Your journey into the Amazon is incomplete until you get a taste of its cuisine. Local vegetables, unusual fruit juices, fresh seafood and typical Amazonian flavours make for a sheer gastronomic delight.
Juane — chicken and rice cooked and wrapped in bijao leaves with local spices — makes for a delicious, portable snack that can be carried on long river trips. Roast picuro, a species similar to the guinea pig; apichado, pork stewed with peanuts and corn; and patarashca, fish wrapped in leaves and cooked on hot coals, are among the other specialties found in the Amazon.
A key ingredient here is the plantain. The Amazon river also provides plenty of freshwater fish like the paiche, sabalo, bagre, tilapia, palometa and even piranha that are cooked in many ways, including soups and stews. Savour sumptuous salads with the hearts of palm — slender, pale ivory stalks harvested from palm trees that grow in the forest. No matter when you are served in the Amazon, a constant are juices, mostly made from fruits that do not grow anywhere else. In the Amazon jungle, there is plentiful of papaya, maracuya or passion fruit, pawpaw, cherimoya, camu camu, cocona, aguaje, custard apple and mangoes, among others. Also, bananas are eaten fried, grilled, boiled, mashed or raw. As you near the end of your journey in the Peruvian Amazon, you come to realise that the enchanting wilderness has given you a lot more than you could ever imagine or desire. Touring the Amazon is all about finding joys in subtle ways — watching the rosy-pink dolphins and carefully listening to the signature sound they make as they dive into the water; observing the phenomenal variety of plant life; appreciating the compassion in the native communities and enjoying the feeling of occupying a tiny place in the vast expanse of nature. There are so many things you take back from the Amazon, most of them intangible and yet unforgettable.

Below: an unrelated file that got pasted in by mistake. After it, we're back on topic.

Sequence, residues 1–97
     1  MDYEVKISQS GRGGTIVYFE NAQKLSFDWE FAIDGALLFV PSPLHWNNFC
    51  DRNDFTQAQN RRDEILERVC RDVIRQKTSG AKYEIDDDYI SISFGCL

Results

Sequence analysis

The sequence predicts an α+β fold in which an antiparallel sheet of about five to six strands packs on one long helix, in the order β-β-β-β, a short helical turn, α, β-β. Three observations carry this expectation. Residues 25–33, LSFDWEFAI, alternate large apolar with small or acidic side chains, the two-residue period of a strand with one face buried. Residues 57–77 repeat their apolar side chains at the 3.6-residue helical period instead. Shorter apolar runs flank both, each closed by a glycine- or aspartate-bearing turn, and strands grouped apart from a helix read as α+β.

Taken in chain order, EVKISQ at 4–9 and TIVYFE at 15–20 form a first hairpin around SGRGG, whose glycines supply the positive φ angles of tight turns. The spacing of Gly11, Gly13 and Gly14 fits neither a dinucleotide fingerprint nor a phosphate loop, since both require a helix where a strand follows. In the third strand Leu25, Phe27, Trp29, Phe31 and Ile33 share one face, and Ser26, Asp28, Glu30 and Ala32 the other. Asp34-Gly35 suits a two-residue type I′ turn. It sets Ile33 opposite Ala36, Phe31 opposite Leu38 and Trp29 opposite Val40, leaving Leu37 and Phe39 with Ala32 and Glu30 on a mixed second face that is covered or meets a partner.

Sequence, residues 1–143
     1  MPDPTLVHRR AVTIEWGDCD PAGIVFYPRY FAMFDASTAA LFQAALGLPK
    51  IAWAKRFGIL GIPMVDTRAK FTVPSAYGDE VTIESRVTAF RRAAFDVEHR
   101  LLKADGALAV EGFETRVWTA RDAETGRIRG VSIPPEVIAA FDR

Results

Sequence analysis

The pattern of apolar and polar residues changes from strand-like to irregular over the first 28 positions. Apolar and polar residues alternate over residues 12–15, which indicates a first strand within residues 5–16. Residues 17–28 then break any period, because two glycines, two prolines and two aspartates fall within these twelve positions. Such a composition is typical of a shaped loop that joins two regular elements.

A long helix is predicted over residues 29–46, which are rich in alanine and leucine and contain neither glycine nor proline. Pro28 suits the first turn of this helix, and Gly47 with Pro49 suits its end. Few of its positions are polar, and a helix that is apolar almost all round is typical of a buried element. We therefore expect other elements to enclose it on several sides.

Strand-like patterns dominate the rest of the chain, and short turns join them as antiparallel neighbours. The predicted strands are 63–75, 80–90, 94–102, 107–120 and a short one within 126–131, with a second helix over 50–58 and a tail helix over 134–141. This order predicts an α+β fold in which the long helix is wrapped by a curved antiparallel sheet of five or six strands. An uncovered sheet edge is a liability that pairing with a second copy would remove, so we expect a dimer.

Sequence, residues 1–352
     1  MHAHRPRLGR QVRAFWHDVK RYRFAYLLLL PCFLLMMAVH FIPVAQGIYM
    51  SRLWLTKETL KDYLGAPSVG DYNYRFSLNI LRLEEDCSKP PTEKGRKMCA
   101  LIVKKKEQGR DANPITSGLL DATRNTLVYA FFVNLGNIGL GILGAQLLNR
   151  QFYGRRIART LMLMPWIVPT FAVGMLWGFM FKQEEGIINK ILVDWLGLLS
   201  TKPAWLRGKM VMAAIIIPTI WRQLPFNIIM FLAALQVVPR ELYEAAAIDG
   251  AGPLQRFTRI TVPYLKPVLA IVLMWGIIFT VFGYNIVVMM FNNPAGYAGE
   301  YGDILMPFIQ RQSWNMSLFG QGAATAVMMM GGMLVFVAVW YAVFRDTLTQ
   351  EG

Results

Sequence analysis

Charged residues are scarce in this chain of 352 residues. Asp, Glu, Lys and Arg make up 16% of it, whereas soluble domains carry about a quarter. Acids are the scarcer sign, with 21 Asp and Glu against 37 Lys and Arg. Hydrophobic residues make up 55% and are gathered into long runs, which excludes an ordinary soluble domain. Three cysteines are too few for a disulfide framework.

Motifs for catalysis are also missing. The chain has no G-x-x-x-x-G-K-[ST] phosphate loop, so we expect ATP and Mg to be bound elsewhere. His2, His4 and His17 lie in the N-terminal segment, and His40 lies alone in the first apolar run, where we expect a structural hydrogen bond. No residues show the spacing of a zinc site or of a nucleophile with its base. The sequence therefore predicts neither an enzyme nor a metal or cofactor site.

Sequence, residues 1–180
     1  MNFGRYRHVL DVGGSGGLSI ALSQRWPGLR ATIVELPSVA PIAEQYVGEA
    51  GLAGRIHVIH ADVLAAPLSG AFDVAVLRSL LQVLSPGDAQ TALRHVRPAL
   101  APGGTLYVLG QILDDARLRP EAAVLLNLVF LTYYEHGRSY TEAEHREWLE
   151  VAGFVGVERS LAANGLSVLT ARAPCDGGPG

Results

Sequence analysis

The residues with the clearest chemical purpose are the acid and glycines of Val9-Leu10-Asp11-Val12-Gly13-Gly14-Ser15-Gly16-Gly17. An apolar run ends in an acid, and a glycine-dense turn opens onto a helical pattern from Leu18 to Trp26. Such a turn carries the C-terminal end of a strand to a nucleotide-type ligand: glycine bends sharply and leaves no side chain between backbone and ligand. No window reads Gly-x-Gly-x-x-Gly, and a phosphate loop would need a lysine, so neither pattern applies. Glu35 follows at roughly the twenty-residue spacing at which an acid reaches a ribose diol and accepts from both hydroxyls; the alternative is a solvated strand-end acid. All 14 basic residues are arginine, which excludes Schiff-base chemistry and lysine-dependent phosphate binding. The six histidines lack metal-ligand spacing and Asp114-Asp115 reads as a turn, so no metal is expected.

Read more at: https://economictimes.indiatimes.com/magazines/panache/peru-trees-like-giants-in-the-amazon-jungle-pink-dolphins-frolick-and-shamans-make-magical-brews/articleshow/62225885.cms